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UK holidaymakes furious over Spain "sneaking through" new tourist tax

Apr 24, 2016

LONDON, England - British holidaymakers have been left furious after being told they could be charged up to £70 for taking a break in countries like Majorca and Ibiza this summer.

Balearic island authorities agreed the new duty for “sustainable tourism” in March, long after many had booked their breaks.

But, whether booked before the decision or not - everyone has to pay.

The fee will be charged for anyone holidaying after July 1.

Upon arrival, each person will be made to pay two euros per night they plan to stay, directly to their hotel.

The exact rate paid depends upon the hotel’s star rating.

A hotel with between one and three stars will cost one euro per day per person - and two for those hotels rated four and five stars.

The charges, which also apply to Formentera and Menorca, halve after day nine of a stay.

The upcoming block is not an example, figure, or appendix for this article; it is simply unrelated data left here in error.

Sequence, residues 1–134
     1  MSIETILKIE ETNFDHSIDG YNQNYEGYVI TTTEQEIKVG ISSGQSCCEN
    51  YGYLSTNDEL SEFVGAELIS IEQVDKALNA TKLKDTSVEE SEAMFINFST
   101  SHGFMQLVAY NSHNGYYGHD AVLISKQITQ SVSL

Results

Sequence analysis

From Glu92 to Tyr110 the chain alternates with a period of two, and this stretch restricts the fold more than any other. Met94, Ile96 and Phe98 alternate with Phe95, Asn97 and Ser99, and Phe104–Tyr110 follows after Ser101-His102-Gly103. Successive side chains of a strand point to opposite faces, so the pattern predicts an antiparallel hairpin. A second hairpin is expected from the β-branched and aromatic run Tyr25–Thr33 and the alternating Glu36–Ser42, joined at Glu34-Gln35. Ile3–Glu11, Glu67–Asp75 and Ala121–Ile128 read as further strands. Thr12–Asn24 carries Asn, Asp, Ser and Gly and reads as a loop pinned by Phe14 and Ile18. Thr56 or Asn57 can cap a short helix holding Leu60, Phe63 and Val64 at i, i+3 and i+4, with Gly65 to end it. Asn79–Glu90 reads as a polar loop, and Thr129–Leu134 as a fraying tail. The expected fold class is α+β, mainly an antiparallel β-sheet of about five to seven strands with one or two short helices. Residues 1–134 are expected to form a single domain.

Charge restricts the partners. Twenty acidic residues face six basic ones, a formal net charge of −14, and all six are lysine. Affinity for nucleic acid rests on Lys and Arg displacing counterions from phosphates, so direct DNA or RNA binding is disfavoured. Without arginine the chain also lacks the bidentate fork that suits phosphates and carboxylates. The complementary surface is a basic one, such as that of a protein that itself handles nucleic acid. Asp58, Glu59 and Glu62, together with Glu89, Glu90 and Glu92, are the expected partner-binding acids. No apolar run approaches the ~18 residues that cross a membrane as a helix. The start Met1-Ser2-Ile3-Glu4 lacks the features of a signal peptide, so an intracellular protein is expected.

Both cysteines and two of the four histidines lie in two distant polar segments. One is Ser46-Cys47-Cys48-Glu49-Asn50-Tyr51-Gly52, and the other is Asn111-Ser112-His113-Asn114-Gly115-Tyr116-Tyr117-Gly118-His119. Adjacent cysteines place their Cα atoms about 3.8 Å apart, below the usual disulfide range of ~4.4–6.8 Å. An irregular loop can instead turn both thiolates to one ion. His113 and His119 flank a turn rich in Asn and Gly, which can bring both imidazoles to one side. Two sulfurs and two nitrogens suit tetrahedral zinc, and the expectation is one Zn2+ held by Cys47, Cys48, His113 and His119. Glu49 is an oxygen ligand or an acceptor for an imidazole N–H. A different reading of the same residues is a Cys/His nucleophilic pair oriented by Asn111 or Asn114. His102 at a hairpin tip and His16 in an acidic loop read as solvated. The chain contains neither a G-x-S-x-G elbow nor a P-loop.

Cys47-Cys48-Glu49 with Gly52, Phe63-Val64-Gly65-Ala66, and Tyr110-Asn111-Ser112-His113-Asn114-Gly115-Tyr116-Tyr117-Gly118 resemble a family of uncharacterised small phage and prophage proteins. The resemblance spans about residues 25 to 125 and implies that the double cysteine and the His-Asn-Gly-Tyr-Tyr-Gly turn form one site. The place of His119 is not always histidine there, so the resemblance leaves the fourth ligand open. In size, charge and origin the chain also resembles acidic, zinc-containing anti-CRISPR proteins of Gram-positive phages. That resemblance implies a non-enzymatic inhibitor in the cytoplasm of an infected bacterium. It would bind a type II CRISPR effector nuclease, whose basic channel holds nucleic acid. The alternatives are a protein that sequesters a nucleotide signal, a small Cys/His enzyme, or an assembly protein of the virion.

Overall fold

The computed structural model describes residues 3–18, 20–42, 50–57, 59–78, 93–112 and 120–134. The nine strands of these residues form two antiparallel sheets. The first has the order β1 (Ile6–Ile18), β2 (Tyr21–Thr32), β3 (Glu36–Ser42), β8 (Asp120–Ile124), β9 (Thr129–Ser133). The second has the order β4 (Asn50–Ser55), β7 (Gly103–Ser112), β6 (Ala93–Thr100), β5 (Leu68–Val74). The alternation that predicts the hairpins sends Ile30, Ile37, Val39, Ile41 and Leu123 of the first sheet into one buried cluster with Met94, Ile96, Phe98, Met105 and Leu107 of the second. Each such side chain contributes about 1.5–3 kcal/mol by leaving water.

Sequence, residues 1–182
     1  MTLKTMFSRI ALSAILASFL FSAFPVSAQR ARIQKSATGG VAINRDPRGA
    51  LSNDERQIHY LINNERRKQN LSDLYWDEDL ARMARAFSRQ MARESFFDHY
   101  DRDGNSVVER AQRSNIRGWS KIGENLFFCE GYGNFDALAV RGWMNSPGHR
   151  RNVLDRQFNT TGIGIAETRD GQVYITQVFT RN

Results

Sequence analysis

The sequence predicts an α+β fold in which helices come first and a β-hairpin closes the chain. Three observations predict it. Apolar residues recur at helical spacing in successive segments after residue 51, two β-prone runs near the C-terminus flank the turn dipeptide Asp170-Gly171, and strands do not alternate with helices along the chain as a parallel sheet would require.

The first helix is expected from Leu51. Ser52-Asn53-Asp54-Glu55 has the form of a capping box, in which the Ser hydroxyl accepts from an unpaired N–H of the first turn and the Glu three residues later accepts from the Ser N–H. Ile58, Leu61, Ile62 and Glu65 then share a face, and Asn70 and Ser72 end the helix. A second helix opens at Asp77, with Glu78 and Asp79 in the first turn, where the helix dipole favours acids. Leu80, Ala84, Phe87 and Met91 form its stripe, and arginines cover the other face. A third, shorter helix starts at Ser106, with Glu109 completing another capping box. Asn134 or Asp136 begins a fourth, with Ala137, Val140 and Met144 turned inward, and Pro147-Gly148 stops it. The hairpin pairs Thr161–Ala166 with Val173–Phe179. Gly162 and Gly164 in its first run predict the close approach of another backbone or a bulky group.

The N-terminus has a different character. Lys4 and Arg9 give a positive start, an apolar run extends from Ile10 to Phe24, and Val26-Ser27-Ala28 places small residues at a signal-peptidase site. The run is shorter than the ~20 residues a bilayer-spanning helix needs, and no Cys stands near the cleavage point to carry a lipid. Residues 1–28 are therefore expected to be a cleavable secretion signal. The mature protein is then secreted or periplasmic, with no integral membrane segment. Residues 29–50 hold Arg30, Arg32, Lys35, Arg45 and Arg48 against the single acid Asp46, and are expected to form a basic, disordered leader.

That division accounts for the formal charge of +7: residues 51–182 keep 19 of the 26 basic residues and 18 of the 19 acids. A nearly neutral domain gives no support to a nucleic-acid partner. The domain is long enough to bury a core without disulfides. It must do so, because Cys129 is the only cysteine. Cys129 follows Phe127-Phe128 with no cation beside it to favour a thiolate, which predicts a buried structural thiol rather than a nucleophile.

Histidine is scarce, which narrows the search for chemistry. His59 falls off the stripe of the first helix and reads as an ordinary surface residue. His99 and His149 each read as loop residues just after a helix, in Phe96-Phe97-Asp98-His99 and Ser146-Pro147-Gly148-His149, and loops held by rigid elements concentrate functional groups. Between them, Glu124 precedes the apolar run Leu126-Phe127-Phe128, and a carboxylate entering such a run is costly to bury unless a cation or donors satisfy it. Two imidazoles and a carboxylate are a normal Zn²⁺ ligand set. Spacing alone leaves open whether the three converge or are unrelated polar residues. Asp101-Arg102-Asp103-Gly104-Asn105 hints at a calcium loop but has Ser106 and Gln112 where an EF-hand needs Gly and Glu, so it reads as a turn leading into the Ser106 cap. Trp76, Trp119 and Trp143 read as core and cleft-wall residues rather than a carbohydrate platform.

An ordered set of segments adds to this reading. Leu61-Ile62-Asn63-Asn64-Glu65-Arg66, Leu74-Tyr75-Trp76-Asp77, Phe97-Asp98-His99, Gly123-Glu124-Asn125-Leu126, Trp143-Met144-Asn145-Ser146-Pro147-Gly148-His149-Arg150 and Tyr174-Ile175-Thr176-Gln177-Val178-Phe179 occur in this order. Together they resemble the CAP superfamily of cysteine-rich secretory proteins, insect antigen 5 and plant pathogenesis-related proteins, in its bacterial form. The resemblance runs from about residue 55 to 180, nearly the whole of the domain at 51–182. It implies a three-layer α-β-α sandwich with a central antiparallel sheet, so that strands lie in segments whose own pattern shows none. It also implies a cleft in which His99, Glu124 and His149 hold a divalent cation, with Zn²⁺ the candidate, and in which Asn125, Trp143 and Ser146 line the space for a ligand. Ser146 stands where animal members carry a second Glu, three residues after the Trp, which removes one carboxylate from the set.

This means a family of four with kids over 16 could pay up to £70 extra over a fortnight.

And villas, campsites and private houses are not exempt.

Furious families say tourism bosses are cashing in on a surge in bookings to Spain after the decline of terror-hit tourist destinations Egypt and Tunisia.

People holidaying in Malta will also be charged a new fee from June of 40p per night, although it will be capped at five euros.

Authorities say the funds will go towards protecting the islands’ natural resources.

Trade body Abta said it would write to them to ask exactly what this means.

The tourist tax has been around for many years already being charged in countries like Germany, Austria, Switzerland, the Netherlands and Greece.

However, it is little known about as it is usually included in the hotel cost.

Air BnB properties have also started to include the fee in Paris.

A Tourist Tax also applies in Barcelona and the rest of Catalonia, with nightly rates ranging from €0.45 to €2.50.

The money is split between tourism boards and town halls.

UK holidaymakes furious over Spain "sneaking through" new tourist tax

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